The immigration experts had to use other methods. One was to send a civil servant, C. W. Spears, to stump the black areas of Oklahoma, warning black leaders that Canada would be dangerous for blacks. For a time Ottawa even hired a traveling black minister, G. W. Miller, to tell the same story, also in Oklahoma. And the immigration agents made the same case. W. H. Rogers, in Kansas City, wrote to W. D. Scott in 1911 to report good progress:
"We think a good beginning has been made toward checking the coloured movement Canada ward. Scores of families from Alabama and Oklahoma who have come to Kansas City on their way to the Northwest expecting to get rates from this point were persuaded that Western Canada was not the place for them and went elsewhere..."
The letterhead for Rogers' office in those years carried some advertising. "FARMS IN WESTERN CANADA FREE," said one line. Another said "Get Settler's Certificate for Lowest Passenger Rates to the Wheat and Grazing Lands of Western Canada." It did not say "except for blacks."
Canada's policy, through all the years that followed, remained definitely sneaky. The suggestion to make it public kept coming up, even after the 1911 order-in-council was abandoned, and many government officials sometimes let their real reasons creep into official documents. This was to be discouraged. On July 29, 1914, W. D. Scott, still superintendent of immigration, wrote to his agent at Halifax, W. L. Barnstead:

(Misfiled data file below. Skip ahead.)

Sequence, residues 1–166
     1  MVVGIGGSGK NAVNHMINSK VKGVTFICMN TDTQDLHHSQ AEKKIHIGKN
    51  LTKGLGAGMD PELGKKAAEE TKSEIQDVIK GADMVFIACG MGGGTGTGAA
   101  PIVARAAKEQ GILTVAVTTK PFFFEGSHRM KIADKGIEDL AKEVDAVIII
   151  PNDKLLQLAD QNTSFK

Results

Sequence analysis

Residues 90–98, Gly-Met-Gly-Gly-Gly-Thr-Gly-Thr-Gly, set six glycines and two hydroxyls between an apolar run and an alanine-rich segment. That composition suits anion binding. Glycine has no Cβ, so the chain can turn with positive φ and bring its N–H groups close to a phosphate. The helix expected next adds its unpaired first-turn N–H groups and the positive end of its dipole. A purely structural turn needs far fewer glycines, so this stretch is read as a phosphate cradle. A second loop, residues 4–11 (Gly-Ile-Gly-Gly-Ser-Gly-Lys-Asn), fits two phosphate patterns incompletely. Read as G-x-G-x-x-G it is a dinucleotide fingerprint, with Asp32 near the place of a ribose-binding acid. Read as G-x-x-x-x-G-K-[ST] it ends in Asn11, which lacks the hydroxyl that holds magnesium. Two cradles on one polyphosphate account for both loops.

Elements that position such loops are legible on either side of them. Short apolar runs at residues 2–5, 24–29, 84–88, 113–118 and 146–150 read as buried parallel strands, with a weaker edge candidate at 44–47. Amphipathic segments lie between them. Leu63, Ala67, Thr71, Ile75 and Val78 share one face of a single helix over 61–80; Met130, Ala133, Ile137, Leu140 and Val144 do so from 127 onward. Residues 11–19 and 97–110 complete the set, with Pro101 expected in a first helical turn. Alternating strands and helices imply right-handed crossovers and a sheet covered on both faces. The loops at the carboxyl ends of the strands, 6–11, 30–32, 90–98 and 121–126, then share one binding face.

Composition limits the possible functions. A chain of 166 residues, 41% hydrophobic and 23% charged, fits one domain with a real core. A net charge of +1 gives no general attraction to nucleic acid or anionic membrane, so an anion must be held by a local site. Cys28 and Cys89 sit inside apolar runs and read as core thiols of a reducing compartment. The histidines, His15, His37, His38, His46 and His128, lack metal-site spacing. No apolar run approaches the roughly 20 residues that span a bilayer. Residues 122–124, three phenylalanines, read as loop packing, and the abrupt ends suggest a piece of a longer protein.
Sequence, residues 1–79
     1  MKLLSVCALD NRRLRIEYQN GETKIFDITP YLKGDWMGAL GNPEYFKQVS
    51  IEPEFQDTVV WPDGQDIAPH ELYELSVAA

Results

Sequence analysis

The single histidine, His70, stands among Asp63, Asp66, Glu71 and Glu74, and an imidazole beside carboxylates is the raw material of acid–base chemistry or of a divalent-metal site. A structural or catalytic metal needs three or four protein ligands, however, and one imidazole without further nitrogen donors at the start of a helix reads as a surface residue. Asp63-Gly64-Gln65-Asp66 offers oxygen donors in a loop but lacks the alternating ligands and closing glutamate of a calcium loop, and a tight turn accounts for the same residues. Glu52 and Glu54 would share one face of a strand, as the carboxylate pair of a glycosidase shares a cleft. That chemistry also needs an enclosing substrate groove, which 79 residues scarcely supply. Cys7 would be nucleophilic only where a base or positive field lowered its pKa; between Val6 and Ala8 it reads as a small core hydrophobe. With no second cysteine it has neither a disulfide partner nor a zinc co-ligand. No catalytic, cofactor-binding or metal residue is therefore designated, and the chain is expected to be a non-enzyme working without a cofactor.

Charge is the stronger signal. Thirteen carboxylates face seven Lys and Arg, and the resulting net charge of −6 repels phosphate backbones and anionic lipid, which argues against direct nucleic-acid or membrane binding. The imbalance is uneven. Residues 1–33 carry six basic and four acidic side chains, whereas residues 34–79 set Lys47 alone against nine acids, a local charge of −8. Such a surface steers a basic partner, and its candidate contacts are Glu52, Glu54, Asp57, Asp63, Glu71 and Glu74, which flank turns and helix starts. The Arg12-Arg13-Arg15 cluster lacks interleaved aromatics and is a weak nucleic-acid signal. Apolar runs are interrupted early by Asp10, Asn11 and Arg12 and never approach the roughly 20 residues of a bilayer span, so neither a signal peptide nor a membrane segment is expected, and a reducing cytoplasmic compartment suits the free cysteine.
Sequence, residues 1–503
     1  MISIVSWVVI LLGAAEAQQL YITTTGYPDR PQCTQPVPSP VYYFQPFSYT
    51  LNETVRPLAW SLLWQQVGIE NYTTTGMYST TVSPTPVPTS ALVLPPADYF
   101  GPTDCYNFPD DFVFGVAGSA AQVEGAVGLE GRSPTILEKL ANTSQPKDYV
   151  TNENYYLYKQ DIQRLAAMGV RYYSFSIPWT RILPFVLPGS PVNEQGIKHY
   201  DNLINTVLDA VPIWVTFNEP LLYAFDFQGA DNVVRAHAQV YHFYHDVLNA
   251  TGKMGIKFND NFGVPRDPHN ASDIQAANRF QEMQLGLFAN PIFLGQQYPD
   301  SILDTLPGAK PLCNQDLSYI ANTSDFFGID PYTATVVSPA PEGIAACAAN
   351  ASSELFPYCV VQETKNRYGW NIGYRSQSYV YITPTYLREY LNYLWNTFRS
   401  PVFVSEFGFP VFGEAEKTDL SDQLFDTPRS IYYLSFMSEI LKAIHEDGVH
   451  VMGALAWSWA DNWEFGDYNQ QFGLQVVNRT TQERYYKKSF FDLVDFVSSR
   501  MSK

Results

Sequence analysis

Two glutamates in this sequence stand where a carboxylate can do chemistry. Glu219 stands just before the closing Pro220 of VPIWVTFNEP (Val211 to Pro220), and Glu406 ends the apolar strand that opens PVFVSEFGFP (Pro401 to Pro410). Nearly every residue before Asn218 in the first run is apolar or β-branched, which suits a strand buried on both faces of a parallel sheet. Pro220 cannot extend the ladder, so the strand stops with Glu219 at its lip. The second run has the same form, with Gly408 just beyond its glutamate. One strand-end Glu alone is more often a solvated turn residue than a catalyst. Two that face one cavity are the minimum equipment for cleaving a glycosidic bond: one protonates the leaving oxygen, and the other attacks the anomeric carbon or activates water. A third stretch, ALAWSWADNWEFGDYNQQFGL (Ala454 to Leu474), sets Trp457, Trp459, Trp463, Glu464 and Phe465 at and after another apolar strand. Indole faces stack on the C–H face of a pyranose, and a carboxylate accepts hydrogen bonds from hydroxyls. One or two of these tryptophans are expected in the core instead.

"Sir: I notice in a number of Board cases the cause of negative includes the statement that the person rejected is a Negro and that instructions have been received to prevent the entry of Negroes in every possible way. While it is true that we are not seeking the immigration of coloured people... I do not think it is sensible to insert any notice of the instructions or policy of the Department in a Board decision or other communication beyond stating in the proper place that the person is a Negro. I am sure you will appreciate the view I have expressed and will understand the reason.” In other words, do it, but keep quite about it.
Last July a writer in the Vancouver Sun Allan Fotheringham expressed a common feeling among Canadians who think about racial issues:
"I have no doubt at all that self-satisfied Canadians, presented with the racial problems of the U.S., and would react in the same way as do many Americans... However, we have not yet been tested... I am willing to be grateful for the fact that we have not yet been tested."
A good many Canadians for sure shared Fotheringham's appreciation. Perhaps it is important for them to know where the appreciation should be focussed, and why.*